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13 posts categorized "University of Vermont" Feed

August 01, 2012

Mayor Weinberger Holds Photo Op, But Not a Question Op

Photo Op

Updated below with apology from mayoral assistant Mike Kanarick.

On Monday, Burlington Mayor Miro Weinberger's office alerted the local press to a "photo opportunity" that would take place on the back steps of City Hall at 9:40 a.m. the following morning. The occasion was the prelude to the mayor's first formal meeting with both Fletcher Allen Health Care CEO Dr. John Brumsted and the recently installed University of Vermont president, Tom Sullivan.

Photo ops are not a common occurrence in Vermont. They're staged publicity events more associated with the president of the United States than with the mayor of Burlington. Two other reporters in attendance — Joel Banner Baird of the Burlington Free Press and Greg Guma of — said they had no recollection of a photo op in these parts.

Sure enough, though, the trio of local VIPs showed up on schedule with smiles for the cameras. Trying to follow up on last week's story about UVM's disinclination to construct more student housing, I asked Sullivan a question about why the university does not require juniors and seniors to live on campus — as, for example, St. Michael's College does.

Sullivan replied that in providing campus accommodations for 60 percent of its student body, UVM has already done more in this regard than have many other institutions of its kind. But before Sullivan could field a followup question — "Will UVM commit to building more student housing?" — mayoral aide Carina Driscoll intervened to announce that this was a photo op, not a press conference, so further queries would not be appropriate.

The White House press corps, by contrast, is sometimes able to get answers from the president to questions asked at "photo ops."

Weinberger, Sullivan and Brumsted then climbed the steps to city hall, paused for a few more clicks of cameras, and headed inside for their private discussion.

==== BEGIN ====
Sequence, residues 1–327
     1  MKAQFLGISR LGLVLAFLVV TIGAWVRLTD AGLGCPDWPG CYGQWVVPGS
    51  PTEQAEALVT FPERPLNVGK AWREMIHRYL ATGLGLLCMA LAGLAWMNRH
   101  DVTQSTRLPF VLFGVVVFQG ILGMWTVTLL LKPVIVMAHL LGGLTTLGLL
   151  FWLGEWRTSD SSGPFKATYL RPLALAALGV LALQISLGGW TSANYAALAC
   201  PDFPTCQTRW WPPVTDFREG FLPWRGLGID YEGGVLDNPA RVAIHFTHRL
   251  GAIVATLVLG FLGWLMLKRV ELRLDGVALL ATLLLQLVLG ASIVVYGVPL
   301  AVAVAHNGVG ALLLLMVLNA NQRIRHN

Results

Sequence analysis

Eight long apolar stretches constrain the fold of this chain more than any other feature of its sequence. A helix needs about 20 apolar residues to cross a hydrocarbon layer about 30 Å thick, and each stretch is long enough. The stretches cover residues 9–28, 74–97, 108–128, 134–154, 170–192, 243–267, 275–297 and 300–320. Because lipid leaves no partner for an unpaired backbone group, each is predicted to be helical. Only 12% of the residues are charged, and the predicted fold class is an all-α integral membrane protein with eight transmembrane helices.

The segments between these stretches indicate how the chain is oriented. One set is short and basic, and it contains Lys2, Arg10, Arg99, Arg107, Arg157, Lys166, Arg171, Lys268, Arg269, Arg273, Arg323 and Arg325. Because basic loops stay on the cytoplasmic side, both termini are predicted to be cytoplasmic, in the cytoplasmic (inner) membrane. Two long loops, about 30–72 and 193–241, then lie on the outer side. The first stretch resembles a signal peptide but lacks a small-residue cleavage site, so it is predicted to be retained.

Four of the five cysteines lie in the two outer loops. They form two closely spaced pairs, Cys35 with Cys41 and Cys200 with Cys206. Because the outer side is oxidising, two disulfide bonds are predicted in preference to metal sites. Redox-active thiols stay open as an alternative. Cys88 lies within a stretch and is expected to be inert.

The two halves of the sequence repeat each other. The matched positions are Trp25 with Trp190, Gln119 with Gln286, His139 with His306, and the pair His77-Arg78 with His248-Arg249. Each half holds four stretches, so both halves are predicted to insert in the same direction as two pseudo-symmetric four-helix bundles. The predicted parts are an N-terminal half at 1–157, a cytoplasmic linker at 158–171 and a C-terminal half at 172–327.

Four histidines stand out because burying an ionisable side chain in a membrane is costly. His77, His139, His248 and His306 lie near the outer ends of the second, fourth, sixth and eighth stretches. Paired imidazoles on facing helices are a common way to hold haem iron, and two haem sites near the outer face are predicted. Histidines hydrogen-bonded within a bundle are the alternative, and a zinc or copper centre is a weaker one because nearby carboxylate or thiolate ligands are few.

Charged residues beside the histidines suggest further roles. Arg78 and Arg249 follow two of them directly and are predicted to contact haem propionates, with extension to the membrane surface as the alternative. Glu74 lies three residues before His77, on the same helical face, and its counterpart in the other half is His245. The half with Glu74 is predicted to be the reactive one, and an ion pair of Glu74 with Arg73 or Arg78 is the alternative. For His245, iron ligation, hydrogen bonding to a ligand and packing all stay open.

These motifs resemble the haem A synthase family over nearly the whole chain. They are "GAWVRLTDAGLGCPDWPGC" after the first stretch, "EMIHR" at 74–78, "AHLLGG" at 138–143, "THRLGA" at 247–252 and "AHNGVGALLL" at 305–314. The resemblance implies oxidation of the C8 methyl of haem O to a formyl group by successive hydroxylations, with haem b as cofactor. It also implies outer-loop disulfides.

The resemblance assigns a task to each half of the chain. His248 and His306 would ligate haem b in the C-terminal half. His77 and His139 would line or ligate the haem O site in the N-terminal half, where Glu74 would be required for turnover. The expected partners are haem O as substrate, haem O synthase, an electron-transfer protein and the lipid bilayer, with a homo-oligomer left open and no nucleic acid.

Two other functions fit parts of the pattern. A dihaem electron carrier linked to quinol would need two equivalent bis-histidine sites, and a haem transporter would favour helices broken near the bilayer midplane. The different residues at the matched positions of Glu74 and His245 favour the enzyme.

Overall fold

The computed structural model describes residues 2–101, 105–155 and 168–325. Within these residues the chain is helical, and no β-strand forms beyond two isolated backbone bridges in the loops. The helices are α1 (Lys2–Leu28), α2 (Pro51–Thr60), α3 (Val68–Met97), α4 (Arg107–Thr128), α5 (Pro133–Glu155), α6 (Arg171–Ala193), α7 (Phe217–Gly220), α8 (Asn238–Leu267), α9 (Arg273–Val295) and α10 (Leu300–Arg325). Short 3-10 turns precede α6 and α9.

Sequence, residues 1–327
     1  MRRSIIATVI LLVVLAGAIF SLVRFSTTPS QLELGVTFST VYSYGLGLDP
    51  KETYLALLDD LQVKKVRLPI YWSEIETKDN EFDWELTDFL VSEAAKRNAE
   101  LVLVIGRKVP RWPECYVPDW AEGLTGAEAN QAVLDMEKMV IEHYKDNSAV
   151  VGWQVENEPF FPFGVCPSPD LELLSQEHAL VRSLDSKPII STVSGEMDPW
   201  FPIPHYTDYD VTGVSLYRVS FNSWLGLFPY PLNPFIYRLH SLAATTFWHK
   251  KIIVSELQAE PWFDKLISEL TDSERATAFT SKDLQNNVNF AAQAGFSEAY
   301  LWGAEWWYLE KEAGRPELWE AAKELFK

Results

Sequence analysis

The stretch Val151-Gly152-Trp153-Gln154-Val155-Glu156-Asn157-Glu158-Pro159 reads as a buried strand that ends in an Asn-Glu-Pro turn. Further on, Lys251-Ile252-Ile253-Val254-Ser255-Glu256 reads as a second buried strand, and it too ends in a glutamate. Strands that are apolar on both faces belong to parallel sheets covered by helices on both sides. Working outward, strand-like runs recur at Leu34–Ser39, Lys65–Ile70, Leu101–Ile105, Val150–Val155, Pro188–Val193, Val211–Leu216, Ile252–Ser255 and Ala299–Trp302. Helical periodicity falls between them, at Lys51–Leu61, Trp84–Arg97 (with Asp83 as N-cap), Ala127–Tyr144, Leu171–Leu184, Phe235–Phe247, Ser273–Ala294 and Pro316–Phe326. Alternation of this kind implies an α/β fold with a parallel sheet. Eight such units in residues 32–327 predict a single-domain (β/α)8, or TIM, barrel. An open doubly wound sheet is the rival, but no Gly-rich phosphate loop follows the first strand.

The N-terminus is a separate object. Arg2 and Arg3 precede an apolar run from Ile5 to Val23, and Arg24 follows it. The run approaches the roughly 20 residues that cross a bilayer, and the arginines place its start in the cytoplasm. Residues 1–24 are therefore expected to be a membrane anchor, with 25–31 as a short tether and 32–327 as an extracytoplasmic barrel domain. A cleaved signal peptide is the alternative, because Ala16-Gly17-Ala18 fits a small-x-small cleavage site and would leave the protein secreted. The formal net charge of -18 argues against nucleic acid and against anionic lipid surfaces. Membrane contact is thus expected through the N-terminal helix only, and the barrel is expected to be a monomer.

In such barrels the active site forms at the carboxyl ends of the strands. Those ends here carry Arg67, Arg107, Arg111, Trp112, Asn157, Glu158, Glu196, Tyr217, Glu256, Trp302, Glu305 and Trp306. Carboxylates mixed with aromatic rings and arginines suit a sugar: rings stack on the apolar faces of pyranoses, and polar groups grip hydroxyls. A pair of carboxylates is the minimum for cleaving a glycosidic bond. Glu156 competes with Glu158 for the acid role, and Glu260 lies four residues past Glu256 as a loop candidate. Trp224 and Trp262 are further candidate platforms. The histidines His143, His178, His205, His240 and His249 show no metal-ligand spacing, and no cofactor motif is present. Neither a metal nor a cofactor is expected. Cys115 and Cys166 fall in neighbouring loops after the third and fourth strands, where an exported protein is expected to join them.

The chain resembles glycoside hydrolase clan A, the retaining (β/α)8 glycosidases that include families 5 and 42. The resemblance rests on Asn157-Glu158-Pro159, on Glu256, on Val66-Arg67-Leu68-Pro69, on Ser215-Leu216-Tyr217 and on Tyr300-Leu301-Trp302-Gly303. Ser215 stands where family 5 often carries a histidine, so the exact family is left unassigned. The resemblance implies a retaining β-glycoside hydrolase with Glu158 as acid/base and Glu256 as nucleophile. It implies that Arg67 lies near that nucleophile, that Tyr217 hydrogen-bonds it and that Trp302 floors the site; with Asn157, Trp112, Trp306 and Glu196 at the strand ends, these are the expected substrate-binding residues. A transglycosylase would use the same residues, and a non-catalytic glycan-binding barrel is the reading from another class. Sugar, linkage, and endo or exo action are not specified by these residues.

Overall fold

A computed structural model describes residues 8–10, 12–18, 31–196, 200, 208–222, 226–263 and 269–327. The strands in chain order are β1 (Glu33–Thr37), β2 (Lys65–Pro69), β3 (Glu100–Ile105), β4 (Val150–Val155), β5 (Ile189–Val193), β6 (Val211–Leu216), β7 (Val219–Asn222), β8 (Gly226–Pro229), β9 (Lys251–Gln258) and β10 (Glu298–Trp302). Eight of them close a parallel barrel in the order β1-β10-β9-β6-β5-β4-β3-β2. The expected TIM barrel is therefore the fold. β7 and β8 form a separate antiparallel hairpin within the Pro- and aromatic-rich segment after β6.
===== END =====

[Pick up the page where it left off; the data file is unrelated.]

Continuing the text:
Mayoral assistant Mike Kanarick, who was not present at the photo op, called soon after it ended to apologize for its abrupt ending. Kanarick said he wants to emphasize that "the mayor has an open-door policy." Kanarick also arranged for Seven Days to conduct a half-hour interview with Weinberger early this afternoon. A Blurt on the mayor's remarks during that session will be posted soon.

Photo credit: Kevin J. Kelley

March 30, 2012

Obama Ba-Rocks Vermont (VIDEO)

DSC02189President Barack Obama didn't milk a dairy cow or take a dip in the Connecticut River hot springs on his swing through Vermont on Friday. But he did give thousands of screaming fans at a Burlington fundraising rally a show well worth the $44 price of admission.

On his first trip to Vermont as president, Obama sought to rekindle the magic of the 2008 campaign that catapulted him to the White House. He headlined a $7500-a-plate ($10,000 for a couple) luncheon at the Sheraton hotel, then zipped by motorcade across the street to University of Vermont's Patrick Gym, where a standing-room-only crowd of more than 4000 greeted him with defeaning cheers.

"It is good to be in Vermont," Obama said to the adoring masses, many of them decked out in red-white-and-blue Obama attire. "Out of all 50 states, Vermont has gone the longest without a presidential visit. The last time a president stopped by was President Clinton in 1995. So we decided today we're hitting the reset button."

Obama also offered condelences to the family of murder victim Melissa Jenkins, whose memorial service was scheduled for later Friday afternoon.

"This is a woman who, by all accounts, devoted her life to her community and helping to shape young minds and I know that Vermont is heartbroken," the president said.